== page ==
The review on the front cover says "one of America's most prickly, and most delicious, young comic talents", and Sedaris definitely has no problem bei...moreThe review on the front cover says "one of America's most prickly, and most delicious, young comic talents", and Sedaris definitely has no problem being prickly to show the stupidity of people. Although the stories are unconnected, the common theme was people who won't see their own problems because they're too busy blaming or criticizing others. His characters are ridiculously flawed, and at times it's really funny. It's also a bit infuriating, since it hits so close to real life and people I interact with.
This was an odd collection of shorts, very hit and miss. There were several times the book made me laugh out loud, which isn't very common, but there were also entire stories that just left me feeling kinda sad. They were all 1st person, and I think the longest was about 35 pages. Clever stuff, and very funny in many spots, but sometimes less entertaining that I'd have liked. I'd be interested in reading something longer by him.(less)
When I spent a couple months in Arizona, Wonka showed me a book called The Zombie Survival Guide. It was written as a handbook, with no tongue-in-chee...moreWhen I spent a couple months in Arizona, Wonka showed me a book called The Zombie Survival Guide. It was written as a handbook, with no tongue-in-cheek tone, of what to do in various environments and situations in the event of a zombie attack. Cute idea, I even thought about picking it up. But when Wonka loaned me a full-on novel by the same guy, I was in. I'd never read a zombie book before, despite my love of horror. It seemed very limited to me, but I thought I'd give it a shot, and I'm really glad I did. Brooks manages to include a lot of subtlety for a genre known for its conspicuousness. The book is framed as a series of interviews with survivors from around the world. The "editor" arranged the descriptions so they're in chronological order, and it nicely forms a cohesive story. But, I think more importantly, Brooks manages to capture some of the social commentary of Romero's original films -- and he often does an even better job of it. Highly recommended for fans of zombies, but even more so for fans of statements on the human animal.(less)
This was very chaotic. There. I said it, it's out there, now we can move past that, okay? :)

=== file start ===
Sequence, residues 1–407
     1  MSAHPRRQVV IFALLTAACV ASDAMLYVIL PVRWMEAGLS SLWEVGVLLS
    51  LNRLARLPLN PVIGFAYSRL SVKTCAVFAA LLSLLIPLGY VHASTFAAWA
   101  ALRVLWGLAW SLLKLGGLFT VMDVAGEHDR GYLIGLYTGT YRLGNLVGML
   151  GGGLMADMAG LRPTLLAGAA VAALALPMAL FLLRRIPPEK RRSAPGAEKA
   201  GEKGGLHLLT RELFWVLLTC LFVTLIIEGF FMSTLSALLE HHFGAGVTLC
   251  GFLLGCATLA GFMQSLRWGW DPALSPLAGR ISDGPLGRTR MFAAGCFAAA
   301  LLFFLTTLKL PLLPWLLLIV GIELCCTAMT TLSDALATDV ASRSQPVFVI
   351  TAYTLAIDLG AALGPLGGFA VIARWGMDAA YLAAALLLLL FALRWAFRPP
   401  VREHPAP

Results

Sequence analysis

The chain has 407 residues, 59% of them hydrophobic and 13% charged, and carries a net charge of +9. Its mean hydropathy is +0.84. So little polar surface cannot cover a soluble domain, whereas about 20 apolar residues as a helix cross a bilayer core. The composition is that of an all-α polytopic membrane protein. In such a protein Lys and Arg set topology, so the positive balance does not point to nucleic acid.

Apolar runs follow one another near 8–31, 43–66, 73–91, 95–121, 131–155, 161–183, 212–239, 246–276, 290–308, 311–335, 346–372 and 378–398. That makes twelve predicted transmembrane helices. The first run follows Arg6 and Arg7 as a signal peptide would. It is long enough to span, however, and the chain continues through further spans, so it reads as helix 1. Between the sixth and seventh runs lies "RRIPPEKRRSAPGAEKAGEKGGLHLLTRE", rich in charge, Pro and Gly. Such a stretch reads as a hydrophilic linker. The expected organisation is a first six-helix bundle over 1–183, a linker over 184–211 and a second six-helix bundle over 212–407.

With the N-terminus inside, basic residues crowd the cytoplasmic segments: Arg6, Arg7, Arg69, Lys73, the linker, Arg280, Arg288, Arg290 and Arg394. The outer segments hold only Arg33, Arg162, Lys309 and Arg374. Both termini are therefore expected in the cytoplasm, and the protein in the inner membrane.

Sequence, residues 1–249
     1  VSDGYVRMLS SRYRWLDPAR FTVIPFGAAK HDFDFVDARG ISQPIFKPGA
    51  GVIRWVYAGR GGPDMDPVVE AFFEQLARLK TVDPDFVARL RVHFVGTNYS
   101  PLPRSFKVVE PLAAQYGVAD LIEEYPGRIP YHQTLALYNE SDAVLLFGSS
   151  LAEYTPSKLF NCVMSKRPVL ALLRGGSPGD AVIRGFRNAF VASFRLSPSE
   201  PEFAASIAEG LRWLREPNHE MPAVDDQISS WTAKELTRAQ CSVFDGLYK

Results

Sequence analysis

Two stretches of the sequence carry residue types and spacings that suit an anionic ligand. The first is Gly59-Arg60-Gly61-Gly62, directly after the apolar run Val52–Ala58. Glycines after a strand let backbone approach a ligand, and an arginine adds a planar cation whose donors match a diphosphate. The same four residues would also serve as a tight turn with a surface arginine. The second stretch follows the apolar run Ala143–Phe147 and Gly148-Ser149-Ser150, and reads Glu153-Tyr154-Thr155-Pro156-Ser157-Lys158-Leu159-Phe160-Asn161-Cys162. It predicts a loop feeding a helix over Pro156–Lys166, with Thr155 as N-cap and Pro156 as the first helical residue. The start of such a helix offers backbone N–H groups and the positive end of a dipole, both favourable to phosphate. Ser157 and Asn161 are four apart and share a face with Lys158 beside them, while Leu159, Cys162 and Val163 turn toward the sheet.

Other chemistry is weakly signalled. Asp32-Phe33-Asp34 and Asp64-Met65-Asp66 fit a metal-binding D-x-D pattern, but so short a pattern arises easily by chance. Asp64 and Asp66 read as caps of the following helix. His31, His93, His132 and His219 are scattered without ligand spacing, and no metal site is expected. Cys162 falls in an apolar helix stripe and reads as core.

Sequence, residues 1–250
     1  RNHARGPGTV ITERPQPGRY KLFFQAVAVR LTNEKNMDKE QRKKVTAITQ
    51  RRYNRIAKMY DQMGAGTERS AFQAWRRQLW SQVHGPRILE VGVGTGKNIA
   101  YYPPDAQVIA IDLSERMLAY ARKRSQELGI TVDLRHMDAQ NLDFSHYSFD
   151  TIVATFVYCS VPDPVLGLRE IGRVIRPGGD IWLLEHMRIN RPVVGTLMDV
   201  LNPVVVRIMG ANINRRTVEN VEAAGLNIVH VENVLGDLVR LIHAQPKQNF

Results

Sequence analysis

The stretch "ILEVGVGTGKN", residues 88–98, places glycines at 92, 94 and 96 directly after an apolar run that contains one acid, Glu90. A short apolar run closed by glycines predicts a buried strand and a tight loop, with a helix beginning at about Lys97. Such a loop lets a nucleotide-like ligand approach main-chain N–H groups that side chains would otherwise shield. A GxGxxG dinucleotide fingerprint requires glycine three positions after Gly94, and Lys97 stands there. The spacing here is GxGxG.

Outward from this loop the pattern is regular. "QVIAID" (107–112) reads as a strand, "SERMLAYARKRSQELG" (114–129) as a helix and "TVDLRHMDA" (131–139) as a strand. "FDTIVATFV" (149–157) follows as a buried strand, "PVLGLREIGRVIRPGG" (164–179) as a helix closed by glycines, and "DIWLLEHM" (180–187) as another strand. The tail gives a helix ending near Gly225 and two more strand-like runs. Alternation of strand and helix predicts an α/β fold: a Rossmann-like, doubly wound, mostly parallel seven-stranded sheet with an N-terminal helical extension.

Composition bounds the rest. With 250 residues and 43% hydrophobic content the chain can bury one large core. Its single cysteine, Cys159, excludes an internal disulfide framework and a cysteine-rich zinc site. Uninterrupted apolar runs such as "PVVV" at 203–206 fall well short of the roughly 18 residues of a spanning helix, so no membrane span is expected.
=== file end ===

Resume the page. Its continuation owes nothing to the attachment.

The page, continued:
I remember loving the Hitchhiker series, although I rememb...moreThis was very chaotic. There. I said it, it's out there, now we can move past that, okay? :)
I remember loving the Hitchhiker series, although I remember them being hit and miss. I also remember loving both Dirk Gently books. The first book was a little scattered, but it was funny and overall it was fun. But this one...it was just a little too much work trying to keep track of unraveling plot threads. I dunno, maybe Pratchett ruined Adams for me.
Having said that, it was still funny, I still like Gently as a character, and once the plot finally became clear I thought it was cute. I wish it hadn't been so much work to get there, but I still enjoyed this. Not a favorite, but I had fun.
And I'm still looking forward to The Salmon of Doubt.(less)
As the Dresden series has progressed, Butcher has moved it further into the fantasy realm and further out of mystery. Oh, it still has that noir feel...moreAs the Dresden series has progressed, Butcher has moved it further into the fantasy realm and further out of mystery. Oh, it still has that noir feel I enjoy so much, but this book (and the fourth book to a lesser extent) solves the whodunnit early on and moves to action, character development, and furthering the overarching plot. That makes these more mature works of fiction, and could explain why the books move from 300+ to 500+ pages each.
While Death Masks still has Harry's dry sarcasm, it really had a darker tone than the prior books. Where before Harry would get the crap kicked out of him fairly often, this book instead turned to soul searching and introspection. It also had more action than the prior volumes, since Harry had less time needed to recuperate.